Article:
Voltron

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Voltron: Defender of the Universe
Genreadventure, science fiction, super robot
Created byWorld Events Productions
Toei Animation
Based on
Starring
Narrated byPeter Cullen
Country of originUnited States
Original language(s)English
No. of seasons3
No. of episodes124, plus one-hour Fleet of Doom special (List of episodes)
DistributorSony Pictures Television
Broadcast
Original channelFirst-run syndication
Original runSeptember 10, 1984 – November 18, 1985
External links
Website
 
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For other uses, see Voltron (disambiguation).
Voltron: Defender of the Universe
Genreadventure, science fiction, super robot
Created byWorld Events Productions
Toei Animation
Based on
Starring
Narrated byPeter Cullen
Country of originUnited States
Original language(s)English
No. of seasons3
No. of episodes124, plus one-hour Fleet of Doom special (List of episodes)
DistributorSony Pictures Television
Broadcast
Original channelFirst-run syndication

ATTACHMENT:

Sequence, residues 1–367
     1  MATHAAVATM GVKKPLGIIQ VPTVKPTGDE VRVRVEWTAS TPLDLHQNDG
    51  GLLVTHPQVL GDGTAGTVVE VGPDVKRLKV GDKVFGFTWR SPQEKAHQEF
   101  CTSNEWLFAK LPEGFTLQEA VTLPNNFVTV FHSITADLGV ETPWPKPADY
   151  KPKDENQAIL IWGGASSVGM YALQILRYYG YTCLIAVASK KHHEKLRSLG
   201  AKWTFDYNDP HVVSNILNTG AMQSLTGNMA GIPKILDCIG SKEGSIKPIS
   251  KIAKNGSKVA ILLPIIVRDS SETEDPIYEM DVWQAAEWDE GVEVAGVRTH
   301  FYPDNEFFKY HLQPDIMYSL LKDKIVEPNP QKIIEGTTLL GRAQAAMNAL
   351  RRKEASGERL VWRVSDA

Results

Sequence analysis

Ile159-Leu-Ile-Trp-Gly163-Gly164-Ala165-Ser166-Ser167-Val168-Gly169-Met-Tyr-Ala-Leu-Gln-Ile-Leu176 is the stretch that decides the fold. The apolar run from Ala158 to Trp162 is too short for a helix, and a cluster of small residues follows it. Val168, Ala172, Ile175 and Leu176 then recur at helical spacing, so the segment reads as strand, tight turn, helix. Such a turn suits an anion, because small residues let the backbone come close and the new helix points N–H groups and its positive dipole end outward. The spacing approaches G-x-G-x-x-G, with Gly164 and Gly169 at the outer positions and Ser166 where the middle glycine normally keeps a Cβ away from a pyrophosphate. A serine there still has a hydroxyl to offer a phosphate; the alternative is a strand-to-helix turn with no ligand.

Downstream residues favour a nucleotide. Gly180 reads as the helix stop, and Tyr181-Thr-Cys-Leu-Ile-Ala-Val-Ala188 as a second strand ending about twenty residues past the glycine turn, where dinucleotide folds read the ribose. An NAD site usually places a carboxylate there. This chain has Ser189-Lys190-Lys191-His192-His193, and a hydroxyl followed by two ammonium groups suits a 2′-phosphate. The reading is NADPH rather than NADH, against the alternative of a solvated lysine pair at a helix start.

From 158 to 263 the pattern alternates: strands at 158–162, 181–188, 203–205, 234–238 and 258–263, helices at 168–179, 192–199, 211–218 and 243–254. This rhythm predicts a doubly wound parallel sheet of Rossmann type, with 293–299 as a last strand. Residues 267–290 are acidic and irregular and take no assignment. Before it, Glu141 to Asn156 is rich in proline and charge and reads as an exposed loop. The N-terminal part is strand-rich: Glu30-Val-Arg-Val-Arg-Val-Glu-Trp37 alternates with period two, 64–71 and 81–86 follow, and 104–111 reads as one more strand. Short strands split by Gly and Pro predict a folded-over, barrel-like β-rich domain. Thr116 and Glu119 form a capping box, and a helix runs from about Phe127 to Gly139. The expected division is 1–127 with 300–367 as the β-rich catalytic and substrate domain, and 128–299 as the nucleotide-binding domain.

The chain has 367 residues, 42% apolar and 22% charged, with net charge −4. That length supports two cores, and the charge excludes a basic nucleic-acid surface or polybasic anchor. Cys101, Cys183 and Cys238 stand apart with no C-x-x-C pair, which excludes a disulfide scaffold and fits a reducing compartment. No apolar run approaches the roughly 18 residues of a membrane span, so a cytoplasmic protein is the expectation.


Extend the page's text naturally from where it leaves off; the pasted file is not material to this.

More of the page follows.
Original runSeptember 10, 1984 – November 18, 1985
External links
Website

Voltron: Defender of the Universe is an animated television series that features a team of space explorers that pilot a giant super robot known as "Voltron". Initially produced as a joint venture between World Events Productions and Toei Animation, the original television series aired in syndication from September 10, 1984 to November 18, 1985. The first season of Voltron, featuring the "Lion Force Voltron", was adapted from the Japanese anime television series Beast King GoLion. The second season, featuring the "Vehicle Voltron", was adapted from the unrelated anime series Armored Fleet Dairugger XV.

Voltron was extremely popular during its original run,[1] and spawned a follow-up series, several comic books, and a 1-hour special.

Development[edit]

The original series was created by Peter Keefe and John Teichmann in 1984 using material that they had licensed from the Japanese animated series Beast King GoLion and Armored Fleet Dairugger XV. The producers had no means of translating the Japanese series into English, thus they surmised the plots, created all-new dialogue, edited out the more violent scenes and remixed the audio into stereo format. The series was an immediate hit in the United States, topping the syndication market for children's programs in the mid-1980s.[1]